Last year I wrote about my first year of being external examiner for the BSc Zoology degree at University College Dublin and some of the reasons why I enjoy the process. This year I again visited Dublin to undertake my annual review of the zoology degree and was reminded of another reason why I find being an external examiner so rewarding.
Normally I go through all the exam scripts looking at how well they are annotated by the first marker, if they are signposted to help the second marker, e.g. marked as outside reading (OR) and check if they have been moderated and if the mark given has been justified in accordance with the marking criteria. I also check if the marking across and between modules is consistent and fair. For many of the modules this is really all I can do as I may not know a great deal about the subject, e.g. epithelial transport. On the other hand there are some modules that I know a lot about, such as insect-plant interactions or biodiversity, where the questions asked are often very similar to the ones that I set for my own students. In these cases I read each answer and mark them before looking at what the actual mark given was and if they are similar this gives me confidence that all is well.
I often find myself learning new things when I read through the research projects of the students that I am going to viva; this year ranging from molecular biology, to phylogenetics, to elucidating the genes associated with inflammation of the brain of Irish greyhounds, to vertebrate behaviour to marine invertebrates and of course not forgetting entomology. In respect to the projects this year the experience was no different. What was different this year was that I had enough time to become engrossed with the scripts of the Evolution of Humans module. One of the questions asked students to review the evidence that supports or refutes the theory that bipedalism in humans arose from adopting wading behaviour in a humid woodland environment. As a teenager, heretical as it may seem to my fellow entomologists, I was very interested in human evolution, reading and being influenced by Robert Ardrey, especially his book African Genesis and of course by the work of the Leakeys. On reaching university and afterwards however, I became much more focused on invertebrates and my reading on human evolution became somewhat limited, although I do remember being unconvinced, rightly it seems, by the Aquatic Ape Hypothesis and sticking with the African savannah origin hypothesis.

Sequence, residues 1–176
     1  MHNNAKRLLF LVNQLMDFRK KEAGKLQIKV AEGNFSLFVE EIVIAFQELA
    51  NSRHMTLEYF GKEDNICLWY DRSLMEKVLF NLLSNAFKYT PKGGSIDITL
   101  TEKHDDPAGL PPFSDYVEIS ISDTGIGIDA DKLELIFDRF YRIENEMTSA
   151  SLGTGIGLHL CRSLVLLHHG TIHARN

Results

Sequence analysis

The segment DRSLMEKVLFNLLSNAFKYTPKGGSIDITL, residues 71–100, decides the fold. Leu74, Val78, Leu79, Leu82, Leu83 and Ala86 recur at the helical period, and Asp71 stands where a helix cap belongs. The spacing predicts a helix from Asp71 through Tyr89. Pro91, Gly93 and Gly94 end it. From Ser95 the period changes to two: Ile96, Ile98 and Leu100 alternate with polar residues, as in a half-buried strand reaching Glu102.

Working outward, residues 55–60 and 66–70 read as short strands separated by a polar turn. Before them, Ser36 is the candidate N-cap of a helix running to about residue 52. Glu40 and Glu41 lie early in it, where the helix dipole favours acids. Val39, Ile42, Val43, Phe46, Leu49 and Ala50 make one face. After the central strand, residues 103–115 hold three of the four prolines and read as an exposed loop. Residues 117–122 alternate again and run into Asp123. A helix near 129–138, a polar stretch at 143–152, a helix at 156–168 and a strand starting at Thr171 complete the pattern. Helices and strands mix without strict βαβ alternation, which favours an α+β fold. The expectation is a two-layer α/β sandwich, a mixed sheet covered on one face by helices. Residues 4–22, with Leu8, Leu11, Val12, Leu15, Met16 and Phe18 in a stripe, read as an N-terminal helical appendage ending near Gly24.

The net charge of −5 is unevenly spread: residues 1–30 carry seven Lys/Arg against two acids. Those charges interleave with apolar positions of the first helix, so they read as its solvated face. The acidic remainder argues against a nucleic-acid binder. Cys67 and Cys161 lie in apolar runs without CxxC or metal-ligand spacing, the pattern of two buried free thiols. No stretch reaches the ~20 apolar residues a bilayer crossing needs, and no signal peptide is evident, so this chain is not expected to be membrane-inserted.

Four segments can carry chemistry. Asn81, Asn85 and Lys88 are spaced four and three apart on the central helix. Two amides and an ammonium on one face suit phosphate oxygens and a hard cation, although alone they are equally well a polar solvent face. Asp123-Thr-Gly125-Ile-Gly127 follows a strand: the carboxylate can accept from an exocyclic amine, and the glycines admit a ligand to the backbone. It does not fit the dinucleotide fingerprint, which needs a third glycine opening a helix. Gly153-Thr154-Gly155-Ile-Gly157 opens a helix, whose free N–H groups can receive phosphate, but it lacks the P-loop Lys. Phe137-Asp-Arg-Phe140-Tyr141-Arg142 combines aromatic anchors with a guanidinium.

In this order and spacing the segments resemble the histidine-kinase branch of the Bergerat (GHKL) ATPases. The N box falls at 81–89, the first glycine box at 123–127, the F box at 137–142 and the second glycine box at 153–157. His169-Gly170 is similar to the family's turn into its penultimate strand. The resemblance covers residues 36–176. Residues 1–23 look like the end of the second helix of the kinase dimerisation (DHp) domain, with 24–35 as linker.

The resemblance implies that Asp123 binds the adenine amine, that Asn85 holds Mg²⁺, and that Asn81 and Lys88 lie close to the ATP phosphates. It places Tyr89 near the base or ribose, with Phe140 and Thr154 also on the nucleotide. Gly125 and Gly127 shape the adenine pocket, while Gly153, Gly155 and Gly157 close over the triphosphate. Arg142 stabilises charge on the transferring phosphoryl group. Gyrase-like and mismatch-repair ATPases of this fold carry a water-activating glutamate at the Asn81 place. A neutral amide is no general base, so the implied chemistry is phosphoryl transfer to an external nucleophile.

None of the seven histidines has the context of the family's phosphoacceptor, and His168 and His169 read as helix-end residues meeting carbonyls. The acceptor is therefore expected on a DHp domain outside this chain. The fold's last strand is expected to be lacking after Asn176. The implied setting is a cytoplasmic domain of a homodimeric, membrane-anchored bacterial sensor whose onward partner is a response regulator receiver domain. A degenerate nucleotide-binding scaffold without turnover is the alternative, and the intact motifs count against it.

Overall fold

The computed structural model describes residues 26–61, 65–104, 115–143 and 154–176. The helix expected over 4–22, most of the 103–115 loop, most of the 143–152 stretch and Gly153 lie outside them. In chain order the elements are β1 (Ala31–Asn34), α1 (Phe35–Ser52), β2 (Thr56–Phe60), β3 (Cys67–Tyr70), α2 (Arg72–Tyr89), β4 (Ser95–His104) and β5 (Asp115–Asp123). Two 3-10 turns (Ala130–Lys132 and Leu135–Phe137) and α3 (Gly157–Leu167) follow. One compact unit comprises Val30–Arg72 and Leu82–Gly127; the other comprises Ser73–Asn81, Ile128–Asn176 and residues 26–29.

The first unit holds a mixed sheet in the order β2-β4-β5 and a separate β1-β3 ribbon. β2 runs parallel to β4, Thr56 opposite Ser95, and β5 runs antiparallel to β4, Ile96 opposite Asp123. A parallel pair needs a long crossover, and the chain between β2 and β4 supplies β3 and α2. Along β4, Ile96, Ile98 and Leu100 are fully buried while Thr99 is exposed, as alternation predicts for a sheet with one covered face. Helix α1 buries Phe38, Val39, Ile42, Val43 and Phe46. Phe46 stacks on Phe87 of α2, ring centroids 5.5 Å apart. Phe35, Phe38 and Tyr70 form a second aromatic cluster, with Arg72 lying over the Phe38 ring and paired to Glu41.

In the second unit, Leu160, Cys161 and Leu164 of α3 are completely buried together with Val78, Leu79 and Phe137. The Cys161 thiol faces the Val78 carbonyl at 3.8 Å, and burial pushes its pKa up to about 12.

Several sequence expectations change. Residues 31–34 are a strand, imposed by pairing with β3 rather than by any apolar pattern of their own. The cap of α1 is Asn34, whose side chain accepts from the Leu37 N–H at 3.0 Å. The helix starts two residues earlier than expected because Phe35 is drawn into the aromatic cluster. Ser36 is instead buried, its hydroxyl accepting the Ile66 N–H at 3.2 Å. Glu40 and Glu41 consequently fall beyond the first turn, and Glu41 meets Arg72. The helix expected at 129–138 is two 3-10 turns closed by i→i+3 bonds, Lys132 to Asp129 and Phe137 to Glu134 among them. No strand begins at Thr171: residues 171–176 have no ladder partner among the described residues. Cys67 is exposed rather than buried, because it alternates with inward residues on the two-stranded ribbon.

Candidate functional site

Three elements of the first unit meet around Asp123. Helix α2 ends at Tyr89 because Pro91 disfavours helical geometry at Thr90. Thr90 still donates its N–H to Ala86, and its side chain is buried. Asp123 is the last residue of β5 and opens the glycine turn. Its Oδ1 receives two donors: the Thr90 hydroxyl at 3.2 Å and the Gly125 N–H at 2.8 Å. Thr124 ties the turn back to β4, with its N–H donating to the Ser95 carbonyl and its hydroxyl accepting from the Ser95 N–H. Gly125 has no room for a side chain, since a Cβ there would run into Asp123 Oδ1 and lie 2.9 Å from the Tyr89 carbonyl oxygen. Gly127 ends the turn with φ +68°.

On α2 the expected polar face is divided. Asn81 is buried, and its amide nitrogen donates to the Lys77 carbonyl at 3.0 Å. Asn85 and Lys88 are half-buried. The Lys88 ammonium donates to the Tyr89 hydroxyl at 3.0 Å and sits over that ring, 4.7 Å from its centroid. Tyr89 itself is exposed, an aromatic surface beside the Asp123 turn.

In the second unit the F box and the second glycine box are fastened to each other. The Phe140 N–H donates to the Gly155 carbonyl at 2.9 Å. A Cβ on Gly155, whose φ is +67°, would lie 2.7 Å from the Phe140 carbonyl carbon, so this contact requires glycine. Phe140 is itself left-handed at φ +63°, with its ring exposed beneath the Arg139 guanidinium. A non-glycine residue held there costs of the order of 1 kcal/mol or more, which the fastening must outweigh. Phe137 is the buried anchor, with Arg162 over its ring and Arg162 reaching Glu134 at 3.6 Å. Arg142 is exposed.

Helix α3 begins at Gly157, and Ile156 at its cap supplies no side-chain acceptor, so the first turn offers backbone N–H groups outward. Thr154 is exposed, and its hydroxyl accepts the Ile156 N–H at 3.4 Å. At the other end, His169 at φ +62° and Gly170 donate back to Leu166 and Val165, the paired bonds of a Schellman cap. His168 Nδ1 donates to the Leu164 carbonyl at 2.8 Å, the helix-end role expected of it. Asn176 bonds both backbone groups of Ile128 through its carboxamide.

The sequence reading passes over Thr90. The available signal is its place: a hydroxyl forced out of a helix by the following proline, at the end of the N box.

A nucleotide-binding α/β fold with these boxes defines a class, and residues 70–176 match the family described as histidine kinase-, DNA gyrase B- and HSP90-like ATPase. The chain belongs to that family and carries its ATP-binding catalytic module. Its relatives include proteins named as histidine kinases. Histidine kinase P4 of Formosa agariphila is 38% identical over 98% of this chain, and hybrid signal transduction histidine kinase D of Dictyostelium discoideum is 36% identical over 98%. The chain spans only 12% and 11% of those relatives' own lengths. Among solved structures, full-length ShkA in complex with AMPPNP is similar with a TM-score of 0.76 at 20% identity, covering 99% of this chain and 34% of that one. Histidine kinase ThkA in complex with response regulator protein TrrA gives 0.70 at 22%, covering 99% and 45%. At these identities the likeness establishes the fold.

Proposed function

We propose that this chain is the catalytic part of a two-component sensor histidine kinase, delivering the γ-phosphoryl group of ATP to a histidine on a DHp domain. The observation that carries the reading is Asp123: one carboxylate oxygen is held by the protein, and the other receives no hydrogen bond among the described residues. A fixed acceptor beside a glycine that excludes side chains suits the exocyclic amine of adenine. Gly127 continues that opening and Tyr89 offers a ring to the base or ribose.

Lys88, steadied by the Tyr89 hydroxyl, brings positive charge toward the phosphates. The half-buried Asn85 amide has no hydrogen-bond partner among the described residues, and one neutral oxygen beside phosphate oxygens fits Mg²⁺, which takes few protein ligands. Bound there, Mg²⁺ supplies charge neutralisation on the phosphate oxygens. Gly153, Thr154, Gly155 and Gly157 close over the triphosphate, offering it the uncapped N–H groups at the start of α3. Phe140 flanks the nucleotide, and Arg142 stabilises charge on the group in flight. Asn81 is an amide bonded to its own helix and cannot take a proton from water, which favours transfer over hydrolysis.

I was thus fascinated to read about The Amphibian Generalist Theory (Niemitz, 2002) in which Carsten Niemitz put forward the idea that our hominid ancestors lived in trees in forested habitats as had been suggested earlier (Clarke & Tobias, 1995) but moved from there to forage along the nearby coasts and river banks from which they waded into the water in pursuit of the rich food sources available. The buoyancy given by the water and the need to keep their heads above water helped develop bipedalism.
Modern wading quadruped primates adopting bipedal locomotion whilst wading. ‘Borrowed’ from Niemitz (2010).
Looks more like what happens when you get into water that is colder than you expect than foraging for food!
At the same time as the forests were fragmenting, the savannahs were forming and these were also able to be exploited by these early hominids. I found the student essays fascinating and they stimulated me to download lots of the papers that they referred to in their exam answers. So as a direct result of external examining I have updated my knowledge of human evolution, and rekindled my interest in the subject.
This is, I think, a salutary message to us all, that by becoming too engrossed in our own subjects we run the risk of losing an all-round appreciation of the world in general. Talking and listening to people from other disciplines is very important and can lead to very productive and exciting collaborations. As an example, our entomology group at Harper Adams have begun to develop some collaborative work with a psychologist, Claudia Uller, from Kingston University which will hopefully generate some very exciting projects.
And my final take-home message; if you are offered the chance to become an external examiner, jump at the opportunity and and not just auditing the process, take the time to read the essays and projects that are not directly in your area of expertise. You will be pleasantly surprised.
Clarke, R.J., and Tobias, P.V. (1995) Sterkfontein member 2 footbones of the oldest South African hominid. Science 269:521–524
Niemitz, C. (2002) A theory on the habitual orthograde human bipedalism—the “Amphibische Generalistentheorie”. Anthropologischer Anzeiger, 60:3–66
Niemitz, C. (2010) The evolution of the upright posture and gait—a review and a new synthesis. Naturwissenschaften, 97:241–263